Aspen High School’s Travis Moore sticks to his roots
Third-generation Aspenite and retiring science teacher instills passion for the outdoors in students
Not one but two generations of Moores graduated from Aspen High School this June, if retirement can perhaps be considered its own kind of graduation.
Third-generation Aspenite Travis Moore got to bid farewell to the classroom alongside his son, graduating senior Taiga Moore, when the elder Moore retired from the science department at the high school this year. After 25 years in education and 21 at Aspen High, the timing was just right to retire with the class of 2021, the longtime science teacher said.
“It’s kind of been at the back of my mind. … I was kind of thinking ‘Wow, it would be pretty cool to graduate with my kid,’ the second time for me — I graduated in ‘85,” he said. “But to graduate again, and I don’t know, just maybe try and do some different things. … 2021 was definitely an impetus for sure, but I also think there’s a lot of younger and more brilliant people out there who can fill my spot and do amazing things.”
Moore hopes he has imparted in his students a sense of environmental stewardship, critical thinking and compassion; it’s the whole person — not just the academic student — he aims to teach.
“It’s not about the grades, it’s not about even the biology – like the mitosis and stuff that they learn or whatever. It’s more about, how do they develop as people?” Moore said. “And hopefully they develop into kind and caring and empathetic and passionate people with a love for the outdoors and an appreciation for where they grew up and how lucky they are as well as then a passion to try to make the world better in one way or another.”
Though he won’t be in the science classroom any more, Moore will still be on campus as a coach for the Nordic ski team, where he has coached future Olympians and world-class athletes.
Moore has something of a “legend status” as an outdoorsman and educator in the eyes of Aspen High School alumni and three-time Olympian Simi Hamilton. Though Hamilton never had Moore as a science teacher, he still picked up on Moore’s “passion for learning and getting outside, especially with the earth sciences” out on the Nordic trails, Hamilton said.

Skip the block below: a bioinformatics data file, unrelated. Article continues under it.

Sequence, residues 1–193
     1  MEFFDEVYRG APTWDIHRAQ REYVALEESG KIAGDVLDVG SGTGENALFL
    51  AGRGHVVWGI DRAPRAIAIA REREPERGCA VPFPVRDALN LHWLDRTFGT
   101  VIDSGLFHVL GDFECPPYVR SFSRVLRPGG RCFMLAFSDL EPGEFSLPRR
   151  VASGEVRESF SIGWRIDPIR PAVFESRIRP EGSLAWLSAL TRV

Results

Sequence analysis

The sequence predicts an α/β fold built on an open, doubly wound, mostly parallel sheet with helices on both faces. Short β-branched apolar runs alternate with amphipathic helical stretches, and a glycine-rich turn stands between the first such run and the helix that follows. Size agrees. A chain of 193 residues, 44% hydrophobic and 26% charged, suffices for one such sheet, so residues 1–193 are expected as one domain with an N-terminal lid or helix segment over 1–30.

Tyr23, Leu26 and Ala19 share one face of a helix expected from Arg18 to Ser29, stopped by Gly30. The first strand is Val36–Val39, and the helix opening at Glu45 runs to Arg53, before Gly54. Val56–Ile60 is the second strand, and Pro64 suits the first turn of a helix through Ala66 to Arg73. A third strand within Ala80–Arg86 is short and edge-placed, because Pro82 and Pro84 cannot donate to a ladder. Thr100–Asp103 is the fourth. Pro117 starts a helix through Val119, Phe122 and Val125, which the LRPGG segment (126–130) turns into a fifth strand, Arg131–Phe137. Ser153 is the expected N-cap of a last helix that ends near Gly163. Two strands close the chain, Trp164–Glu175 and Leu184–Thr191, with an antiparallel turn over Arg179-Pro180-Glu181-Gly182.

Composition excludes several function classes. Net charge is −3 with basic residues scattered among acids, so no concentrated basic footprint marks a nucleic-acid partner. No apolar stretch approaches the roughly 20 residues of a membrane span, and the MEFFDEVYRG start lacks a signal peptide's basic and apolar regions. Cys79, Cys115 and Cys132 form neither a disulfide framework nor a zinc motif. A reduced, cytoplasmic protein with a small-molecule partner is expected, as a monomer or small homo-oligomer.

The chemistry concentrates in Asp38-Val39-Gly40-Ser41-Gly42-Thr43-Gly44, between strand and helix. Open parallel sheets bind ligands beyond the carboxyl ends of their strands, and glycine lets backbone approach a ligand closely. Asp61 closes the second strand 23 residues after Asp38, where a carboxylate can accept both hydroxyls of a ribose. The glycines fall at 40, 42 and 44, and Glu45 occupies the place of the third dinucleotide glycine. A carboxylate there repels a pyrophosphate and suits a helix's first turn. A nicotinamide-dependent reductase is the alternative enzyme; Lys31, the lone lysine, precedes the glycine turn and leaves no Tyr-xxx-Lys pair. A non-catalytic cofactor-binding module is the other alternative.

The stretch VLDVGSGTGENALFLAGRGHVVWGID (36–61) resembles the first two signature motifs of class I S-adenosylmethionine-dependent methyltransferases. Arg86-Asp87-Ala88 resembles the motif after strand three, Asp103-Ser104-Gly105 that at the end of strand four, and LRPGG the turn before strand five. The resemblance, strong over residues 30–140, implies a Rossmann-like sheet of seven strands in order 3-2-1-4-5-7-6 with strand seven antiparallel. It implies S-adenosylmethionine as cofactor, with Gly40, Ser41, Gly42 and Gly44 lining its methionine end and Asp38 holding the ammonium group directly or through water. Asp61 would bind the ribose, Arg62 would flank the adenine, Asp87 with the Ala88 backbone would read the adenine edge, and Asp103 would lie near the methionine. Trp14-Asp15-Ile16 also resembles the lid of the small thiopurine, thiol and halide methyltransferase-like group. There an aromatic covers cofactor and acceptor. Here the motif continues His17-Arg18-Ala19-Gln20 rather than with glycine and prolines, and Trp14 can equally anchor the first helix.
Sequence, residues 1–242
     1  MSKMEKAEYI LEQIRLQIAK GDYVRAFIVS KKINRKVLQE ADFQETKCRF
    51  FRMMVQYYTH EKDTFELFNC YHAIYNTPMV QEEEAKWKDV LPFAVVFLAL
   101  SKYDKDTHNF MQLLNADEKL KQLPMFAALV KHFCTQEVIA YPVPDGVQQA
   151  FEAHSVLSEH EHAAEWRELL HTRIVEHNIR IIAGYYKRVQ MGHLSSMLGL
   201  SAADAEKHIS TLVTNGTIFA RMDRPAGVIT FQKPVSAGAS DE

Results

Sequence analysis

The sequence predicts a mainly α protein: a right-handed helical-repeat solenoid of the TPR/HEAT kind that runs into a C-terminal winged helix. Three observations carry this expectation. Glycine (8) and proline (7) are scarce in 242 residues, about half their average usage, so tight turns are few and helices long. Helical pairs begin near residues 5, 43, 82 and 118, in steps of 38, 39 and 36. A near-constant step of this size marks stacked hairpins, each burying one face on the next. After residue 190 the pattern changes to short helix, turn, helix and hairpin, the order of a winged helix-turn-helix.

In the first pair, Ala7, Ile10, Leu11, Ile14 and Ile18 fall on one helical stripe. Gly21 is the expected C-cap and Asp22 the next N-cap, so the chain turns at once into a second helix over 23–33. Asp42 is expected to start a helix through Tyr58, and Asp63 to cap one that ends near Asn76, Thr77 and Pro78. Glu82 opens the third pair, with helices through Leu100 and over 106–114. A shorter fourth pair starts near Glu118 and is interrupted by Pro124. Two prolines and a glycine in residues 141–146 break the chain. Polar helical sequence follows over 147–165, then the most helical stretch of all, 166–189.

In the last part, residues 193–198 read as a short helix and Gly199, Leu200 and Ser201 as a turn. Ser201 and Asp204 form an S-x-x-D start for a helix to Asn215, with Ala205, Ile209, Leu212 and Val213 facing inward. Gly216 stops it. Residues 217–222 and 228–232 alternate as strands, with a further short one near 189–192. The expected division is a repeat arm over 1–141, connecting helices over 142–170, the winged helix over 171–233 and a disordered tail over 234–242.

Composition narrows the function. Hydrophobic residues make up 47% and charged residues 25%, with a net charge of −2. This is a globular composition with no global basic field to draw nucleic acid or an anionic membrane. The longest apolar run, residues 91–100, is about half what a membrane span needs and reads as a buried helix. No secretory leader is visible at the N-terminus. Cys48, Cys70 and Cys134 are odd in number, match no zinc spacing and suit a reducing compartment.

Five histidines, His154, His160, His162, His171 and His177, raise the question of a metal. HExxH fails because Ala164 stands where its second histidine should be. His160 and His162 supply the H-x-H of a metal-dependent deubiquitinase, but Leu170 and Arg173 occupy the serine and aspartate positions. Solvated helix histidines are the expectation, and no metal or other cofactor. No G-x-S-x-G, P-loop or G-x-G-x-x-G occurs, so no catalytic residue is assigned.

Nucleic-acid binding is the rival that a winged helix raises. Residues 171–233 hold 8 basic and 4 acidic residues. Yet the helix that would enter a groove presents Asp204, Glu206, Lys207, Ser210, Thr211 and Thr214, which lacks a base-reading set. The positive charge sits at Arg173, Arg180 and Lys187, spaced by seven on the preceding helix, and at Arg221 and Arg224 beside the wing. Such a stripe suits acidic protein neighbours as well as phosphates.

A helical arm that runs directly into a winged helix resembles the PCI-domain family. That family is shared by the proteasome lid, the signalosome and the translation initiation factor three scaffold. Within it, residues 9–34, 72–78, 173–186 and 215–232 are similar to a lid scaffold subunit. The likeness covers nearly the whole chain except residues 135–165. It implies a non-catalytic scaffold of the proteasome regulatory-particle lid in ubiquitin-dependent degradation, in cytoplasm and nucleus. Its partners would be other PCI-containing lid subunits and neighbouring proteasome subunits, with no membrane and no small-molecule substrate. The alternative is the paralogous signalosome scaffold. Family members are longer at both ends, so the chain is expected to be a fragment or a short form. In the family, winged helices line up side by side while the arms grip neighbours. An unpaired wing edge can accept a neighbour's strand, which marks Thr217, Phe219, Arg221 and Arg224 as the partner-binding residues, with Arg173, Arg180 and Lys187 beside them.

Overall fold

“You still feel how they impact your education and how they influence your education. … He still had a pretty huge impact on my education, and I was grateful for that,” Hamilton said.
Hamilton said Moore was “an integral and important part” of the outdoor-minded science department at Aspen High School; that passion translated as much to athletes who trained with Moore as students who studied under him.
“Trav was a really huge component of getting kids psyched and just getting interested in learning everything that was around us and looking up at the stars at night,” Hamilton said.
Editor’s note: This article is the last in a series on Aspen School District’s retiring teachers. The features will ran every Friday in The Aspen Times through the month of June.
Moore also has a reputation for his sense of humor and for keeping things fun, according to Hamilton.
“He was always cracking jokes. He was designing workouts that were making us really fit and we didn’t even know it,” Hamilton said.
And now that Moore has more free time, Hamilton hopes “to find plenty of opportunities to get out into the mountains with him and do a lot more laughing because he’s a pretty funny guy to be around,” he said.
Moore’s account of his teaching methods suggest as much. He’d rather incorporate a game into learning than a worksheet; he took astronomy students to the planetarium and held geology final exams on skis at Aspen Highlands. His colleagues share that mentality, Moore said.
“We were able to work together to make it fun, make it memorable, make it worth showing up to work everyday with a smile on your face,” he said.
A lot has changed in his time at the school district, which Moore considers a “crazy couple of decades” that ushered in new technology and new ways of communicating. But for all the efforts to “reinvent the wheel” in education, there’s merit in keeping some things the same, too, he said.
“I think we need to kind of stick to our roots as a small-town school that embraces outdoor learning and outdoor education, that really loves kids and loves their stories and wants to get to know them,” Moore said. “I think we just need to keep doing that and not necessarily jumping on any particular technological bandwagon or the next latest and greatest thing. I think we are the next latest and greatest thing, really if we just kind of keep doing what we’re doing.”
The approval allows Mark Hunt to remove an employee-housing deed-restriction on a 400-square-foot studio unit he owns and make it a commercial unit.
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